I also visited the Vietnam War Remnants Museum, one of the most popular tourist attractions in the city! The Vietnamese don’t hold back when it comes to highlighting the massive damage and destruction the Americans inflicted during the war there. Graphic images portrayed the horrible pain and suffering of the people of Vietnam. Particularly poignant was the immediate and after effects of the use of Agent Orange and other toxic chemical dumped over the forests. To this day forest has still not returned to many of the hills bombed over forty years ago. People also have continued to suffer, many developed Chernobyl-type body malformations and mutations. The museum even displayed deformed foetuses! But if they wanted to hit it home, they did and I left reflecting on the horrors of war!

I got bad news about my camera, it had officially died and I therefore had to go and buy another! New camera in hand I set of on an open tour bus to Mui Ne, a small beach resort up the coast. Mui Ne was very quiet but that was very welcome having spent quite a while with the 10 million people in Saigon. There I stayed in an English run establishment which was cheap and cheerful. I rented a motorbike driver to take me on a tour to the sand dunes quite a distance from the main town. It turned out to be a great idea, as I was pretty blew away by the beauty of the dunes. It felt like being in the desert and the heat was mad. The dunes had beautiful lakes surrounding them and thousands of lilies grew in the waters there. A movie crew where on site filming a lady running through the sand. I offered to be an extra, like a big tree or something but they refused. My only chance of movie stardom, gone forever.

I left Mui Ne and headed to the mountains to see a little Vietnamese culture. De Lat itself was a total tourist trap and I quickly exited. I did however take a ride on one of the easyrider motorbike tours through the mountains. Motor biking is a great way to see and to get a true feel of the countryside. Chung the driver showed me coffee plantations, flower farms; silk factories where moths produce silk cocoons that are used to spin silk and finally a local rice wine factory that blew the head of me. The effects of the war were everywhere and Chung being a veteran of the South Vietnam army showed me a rundown American army base. That was eerie to say the least.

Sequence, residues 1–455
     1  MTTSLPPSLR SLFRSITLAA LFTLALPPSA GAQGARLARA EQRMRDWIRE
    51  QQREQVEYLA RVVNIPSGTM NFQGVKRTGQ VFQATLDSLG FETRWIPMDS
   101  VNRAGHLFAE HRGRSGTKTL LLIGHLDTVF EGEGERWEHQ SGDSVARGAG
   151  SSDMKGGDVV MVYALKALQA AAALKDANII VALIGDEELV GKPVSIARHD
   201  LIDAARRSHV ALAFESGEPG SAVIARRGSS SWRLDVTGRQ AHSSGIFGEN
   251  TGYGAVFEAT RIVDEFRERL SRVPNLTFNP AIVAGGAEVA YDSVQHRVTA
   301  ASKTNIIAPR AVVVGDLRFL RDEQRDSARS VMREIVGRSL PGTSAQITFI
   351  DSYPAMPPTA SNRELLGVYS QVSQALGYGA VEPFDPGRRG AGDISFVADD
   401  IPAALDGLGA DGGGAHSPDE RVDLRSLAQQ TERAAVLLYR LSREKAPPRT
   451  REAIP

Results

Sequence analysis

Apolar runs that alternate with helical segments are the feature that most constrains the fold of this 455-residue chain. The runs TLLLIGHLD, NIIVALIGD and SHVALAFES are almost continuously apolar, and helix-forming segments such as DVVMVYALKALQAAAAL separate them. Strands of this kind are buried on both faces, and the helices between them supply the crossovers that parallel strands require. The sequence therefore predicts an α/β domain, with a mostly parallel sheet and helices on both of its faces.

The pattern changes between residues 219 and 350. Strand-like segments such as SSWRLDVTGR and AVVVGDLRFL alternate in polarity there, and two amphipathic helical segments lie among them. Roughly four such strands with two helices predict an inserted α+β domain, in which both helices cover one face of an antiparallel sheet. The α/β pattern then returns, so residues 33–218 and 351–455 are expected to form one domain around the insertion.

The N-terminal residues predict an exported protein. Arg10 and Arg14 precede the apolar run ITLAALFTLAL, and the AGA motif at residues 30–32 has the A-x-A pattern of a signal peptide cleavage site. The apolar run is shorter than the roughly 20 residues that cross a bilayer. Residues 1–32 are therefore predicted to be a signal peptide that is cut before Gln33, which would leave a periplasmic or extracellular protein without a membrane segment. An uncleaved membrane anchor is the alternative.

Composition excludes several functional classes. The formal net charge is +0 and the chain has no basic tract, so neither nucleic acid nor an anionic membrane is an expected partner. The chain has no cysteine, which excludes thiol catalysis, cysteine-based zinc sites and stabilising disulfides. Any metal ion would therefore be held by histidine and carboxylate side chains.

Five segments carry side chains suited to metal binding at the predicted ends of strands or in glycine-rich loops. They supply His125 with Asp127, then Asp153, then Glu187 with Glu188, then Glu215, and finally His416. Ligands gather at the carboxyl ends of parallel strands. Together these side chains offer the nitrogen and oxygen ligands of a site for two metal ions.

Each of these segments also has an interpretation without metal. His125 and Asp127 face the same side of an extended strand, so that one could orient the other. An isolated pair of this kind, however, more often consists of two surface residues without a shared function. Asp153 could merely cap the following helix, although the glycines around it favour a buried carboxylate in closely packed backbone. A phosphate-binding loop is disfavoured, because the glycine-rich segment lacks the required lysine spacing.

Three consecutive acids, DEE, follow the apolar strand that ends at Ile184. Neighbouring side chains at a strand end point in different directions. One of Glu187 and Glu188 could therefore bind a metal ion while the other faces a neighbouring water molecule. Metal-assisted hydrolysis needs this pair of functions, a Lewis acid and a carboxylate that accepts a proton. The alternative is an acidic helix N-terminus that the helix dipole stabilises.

I jumped back on to a bus up the coast to the next resort called Na Trang. Famous for its beach I unfortunately was feeling quite ill and as it was yet another public holiday, the beaches were completely packed. I decided to give it a miss and booked the last seat on a sleeper bus out of Na Trang that night. So I had 6 or 7 hours to kill, boy did I do it in style. Enjoy reading on as I try and explain how I became embroiled in the scam of all scams.

I was strolling along a street on my way to take a few pictures of the nice beaches. I was approached by a friendly “Malaysian” lady and her “niece” both on holiday visiting her brother who was living in Vietnam. We got chatting and she explained how her daughter was moving to Europe to work as a nurse. As I worked in the NHS she was keen for me to have a chat with her daughter about working there. I had previously visited locals in their houses and as this lady spoke perfect English, and apparently an English teacher, I agreed to go back to their house. So we arrived at the house and inside I was given a cup of tea as we waited for her daughter. The owner and “brother” arrived on the scene, he too a very nice man. He explained that he worked in a casino. Immediately my ears popped up as I enjoy a game of poker. He proceeded to demonstrate how it’s possible to cheat in Blackjack in a casino. So I was brought into a bedroom and explained the rules along with the two ladies who apparently seemed intrigued as well. The brother he suggested that I should visit his casino up in Hanoi to partake in a little illegal cheating. I was like yeah, whatever, but obviously had no intentions.